Before I go home, I want to highlight a few Labor Day thoughts.
From my article “Honor Laborers,” which appeared on September 5, 2016:
Most Americans think of Labor Day as part of a long weekend and the unofficial end of summer. It was originally meant, though, to recognize the contributions of labor unions. I recommend a third alternative: use Labor Day to honor laborers.
Read the whole thing.
From Timothy Taylor, “Taming the Demon of Work,” September 2, 2019:
When my wife was getting an MBA, it was common to hear advice about career choices along the lines of “find your

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Two Poems by David R. Henderson

24 days ago

I gave a talk last night to approximately 80 members of the local Lincoln Club, a group within the Republican Party of California. The topic was “President Trump’s Economic Policies: A Balanced Assessment.”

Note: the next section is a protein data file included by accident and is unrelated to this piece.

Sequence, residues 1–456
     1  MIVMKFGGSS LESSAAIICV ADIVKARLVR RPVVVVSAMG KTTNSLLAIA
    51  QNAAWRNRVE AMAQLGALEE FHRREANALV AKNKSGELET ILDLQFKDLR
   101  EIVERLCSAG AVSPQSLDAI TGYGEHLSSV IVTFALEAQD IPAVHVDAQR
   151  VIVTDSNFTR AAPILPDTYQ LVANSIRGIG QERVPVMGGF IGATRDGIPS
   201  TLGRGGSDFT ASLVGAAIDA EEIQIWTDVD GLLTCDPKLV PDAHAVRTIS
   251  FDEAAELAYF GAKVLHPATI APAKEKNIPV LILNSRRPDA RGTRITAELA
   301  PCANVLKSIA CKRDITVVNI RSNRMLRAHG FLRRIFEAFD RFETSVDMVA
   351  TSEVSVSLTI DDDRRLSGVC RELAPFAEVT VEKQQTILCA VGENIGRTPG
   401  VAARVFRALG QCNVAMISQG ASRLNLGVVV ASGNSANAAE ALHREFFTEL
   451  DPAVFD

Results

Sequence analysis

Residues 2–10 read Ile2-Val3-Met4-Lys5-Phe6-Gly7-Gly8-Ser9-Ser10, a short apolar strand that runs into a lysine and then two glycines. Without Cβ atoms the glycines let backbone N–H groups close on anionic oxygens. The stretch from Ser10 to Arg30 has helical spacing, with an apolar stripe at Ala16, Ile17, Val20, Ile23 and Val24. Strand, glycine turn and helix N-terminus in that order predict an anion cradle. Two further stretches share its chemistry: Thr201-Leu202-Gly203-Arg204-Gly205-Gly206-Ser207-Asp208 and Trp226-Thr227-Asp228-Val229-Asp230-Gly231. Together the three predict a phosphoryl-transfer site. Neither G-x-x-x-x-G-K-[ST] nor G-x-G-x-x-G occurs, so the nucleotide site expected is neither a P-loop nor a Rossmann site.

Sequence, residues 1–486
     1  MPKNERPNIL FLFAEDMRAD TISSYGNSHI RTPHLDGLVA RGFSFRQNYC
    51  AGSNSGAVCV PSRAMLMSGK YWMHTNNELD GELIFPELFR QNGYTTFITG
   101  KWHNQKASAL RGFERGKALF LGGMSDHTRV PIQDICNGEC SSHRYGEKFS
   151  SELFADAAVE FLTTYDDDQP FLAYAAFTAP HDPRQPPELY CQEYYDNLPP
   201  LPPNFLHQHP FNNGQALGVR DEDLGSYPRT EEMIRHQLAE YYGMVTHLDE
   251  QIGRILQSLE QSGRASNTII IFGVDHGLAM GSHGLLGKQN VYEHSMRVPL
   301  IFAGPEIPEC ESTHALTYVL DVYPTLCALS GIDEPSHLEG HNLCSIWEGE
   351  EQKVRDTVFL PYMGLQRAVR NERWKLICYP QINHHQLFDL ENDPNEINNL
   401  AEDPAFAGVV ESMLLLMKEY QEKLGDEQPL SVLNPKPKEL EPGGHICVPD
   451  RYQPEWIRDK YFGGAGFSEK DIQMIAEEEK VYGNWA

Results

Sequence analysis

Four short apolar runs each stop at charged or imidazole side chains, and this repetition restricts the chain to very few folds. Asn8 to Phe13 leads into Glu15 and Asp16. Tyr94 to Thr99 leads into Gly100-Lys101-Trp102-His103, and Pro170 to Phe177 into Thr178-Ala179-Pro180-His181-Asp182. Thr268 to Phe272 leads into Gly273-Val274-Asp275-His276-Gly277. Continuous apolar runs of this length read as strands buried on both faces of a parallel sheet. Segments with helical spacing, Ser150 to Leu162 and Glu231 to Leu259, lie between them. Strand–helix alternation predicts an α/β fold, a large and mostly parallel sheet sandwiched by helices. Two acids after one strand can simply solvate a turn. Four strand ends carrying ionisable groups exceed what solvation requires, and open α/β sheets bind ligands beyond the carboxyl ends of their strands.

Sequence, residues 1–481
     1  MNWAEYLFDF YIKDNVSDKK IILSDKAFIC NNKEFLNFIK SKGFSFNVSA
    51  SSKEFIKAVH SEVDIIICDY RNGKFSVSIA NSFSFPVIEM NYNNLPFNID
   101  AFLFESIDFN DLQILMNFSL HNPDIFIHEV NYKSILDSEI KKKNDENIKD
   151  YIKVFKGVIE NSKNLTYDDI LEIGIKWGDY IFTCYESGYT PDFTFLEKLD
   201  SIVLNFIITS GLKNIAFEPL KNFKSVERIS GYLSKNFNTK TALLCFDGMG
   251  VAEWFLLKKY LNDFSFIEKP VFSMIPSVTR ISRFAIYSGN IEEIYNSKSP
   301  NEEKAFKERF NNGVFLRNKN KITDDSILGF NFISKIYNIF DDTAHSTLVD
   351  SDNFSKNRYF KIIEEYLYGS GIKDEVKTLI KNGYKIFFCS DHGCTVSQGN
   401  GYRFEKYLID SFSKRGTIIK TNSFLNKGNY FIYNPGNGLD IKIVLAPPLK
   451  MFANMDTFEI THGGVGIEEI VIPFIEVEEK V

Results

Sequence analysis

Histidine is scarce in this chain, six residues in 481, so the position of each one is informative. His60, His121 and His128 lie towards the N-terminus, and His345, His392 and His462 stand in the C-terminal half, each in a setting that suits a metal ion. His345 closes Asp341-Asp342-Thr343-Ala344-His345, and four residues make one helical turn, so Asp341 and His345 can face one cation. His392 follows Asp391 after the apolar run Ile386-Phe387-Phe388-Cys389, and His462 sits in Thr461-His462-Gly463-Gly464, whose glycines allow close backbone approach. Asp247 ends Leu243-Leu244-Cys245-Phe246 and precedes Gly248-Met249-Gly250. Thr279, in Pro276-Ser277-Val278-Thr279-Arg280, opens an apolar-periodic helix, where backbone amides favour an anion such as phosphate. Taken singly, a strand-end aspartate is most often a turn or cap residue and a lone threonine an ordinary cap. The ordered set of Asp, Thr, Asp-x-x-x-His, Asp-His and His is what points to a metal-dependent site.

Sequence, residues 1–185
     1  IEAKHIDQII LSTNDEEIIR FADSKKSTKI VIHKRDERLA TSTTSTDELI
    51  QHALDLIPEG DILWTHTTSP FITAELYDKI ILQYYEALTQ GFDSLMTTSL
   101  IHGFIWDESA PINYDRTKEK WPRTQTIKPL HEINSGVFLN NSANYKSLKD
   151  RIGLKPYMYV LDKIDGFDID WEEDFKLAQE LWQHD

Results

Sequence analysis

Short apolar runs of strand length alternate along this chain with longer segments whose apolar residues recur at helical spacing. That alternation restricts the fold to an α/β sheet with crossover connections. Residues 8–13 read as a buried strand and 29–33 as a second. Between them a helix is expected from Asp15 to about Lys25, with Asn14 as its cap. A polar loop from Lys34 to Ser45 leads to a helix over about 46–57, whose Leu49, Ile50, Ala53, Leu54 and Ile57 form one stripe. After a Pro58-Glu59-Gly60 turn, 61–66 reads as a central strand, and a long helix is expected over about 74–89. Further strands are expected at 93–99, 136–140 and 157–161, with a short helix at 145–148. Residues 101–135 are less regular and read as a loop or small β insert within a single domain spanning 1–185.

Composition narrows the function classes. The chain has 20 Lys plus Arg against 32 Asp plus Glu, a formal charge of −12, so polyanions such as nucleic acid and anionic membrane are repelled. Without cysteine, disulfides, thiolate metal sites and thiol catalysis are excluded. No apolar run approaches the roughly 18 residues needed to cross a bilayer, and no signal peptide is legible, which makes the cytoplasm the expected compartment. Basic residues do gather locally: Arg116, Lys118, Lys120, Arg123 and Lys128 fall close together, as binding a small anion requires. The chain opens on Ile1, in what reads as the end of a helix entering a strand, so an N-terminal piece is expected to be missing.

After giving some basic background about myself, I showed them a poem that summed up my talk. I’m hereby copyrighting it.
There was a president,
Who had an orange curl,
Right in the middle of his forehead.
When he was good
He was very good indeed,
But when he was bad he was horrid.
–David R. Henderson (with apologies to Henry Wadsworth Longfellow)
The very good indeed was the tax cut and deregulation and slowing of new regulation.
The horrid was international trade (tariffs), immigration, and government spending (the last with help from Democrats.)
In

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Update on Trees and Global Warming